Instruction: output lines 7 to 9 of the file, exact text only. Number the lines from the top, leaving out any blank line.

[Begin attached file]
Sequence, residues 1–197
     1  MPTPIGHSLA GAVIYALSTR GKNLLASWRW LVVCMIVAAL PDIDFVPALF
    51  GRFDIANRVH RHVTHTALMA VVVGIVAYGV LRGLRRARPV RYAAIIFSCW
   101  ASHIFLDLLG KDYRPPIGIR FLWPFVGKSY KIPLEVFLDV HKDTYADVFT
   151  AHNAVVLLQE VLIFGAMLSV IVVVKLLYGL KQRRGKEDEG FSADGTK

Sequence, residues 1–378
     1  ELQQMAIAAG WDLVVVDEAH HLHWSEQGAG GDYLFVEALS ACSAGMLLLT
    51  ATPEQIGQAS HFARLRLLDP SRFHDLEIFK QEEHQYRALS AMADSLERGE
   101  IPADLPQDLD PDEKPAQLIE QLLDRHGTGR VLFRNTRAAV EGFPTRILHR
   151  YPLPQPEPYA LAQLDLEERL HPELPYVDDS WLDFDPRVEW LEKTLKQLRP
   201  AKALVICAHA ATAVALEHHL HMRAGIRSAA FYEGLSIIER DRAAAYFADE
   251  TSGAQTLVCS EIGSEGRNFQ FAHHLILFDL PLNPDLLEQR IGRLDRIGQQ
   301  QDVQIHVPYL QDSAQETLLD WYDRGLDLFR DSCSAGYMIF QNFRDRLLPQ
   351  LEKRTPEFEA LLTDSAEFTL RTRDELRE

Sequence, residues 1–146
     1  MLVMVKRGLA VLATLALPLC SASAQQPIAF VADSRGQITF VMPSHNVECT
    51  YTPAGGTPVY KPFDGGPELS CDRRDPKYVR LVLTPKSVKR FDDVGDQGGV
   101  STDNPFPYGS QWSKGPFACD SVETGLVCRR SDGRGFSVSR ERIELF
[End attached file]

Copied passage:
     1  ELQQMAIAAG WDLVVVDEAH HLHWSEQGAG GDYLFVEALS ACSAGMLLLT
    51  ATPEQIGQAS HFARLRLLDP SRFHDLEIFK QEEHQYRALS AMADSLERGE
   101  IPADLPQDLD PDEKPAQLIE QLLDRHGTGR VLFRNTRAAV EGFPTRILHR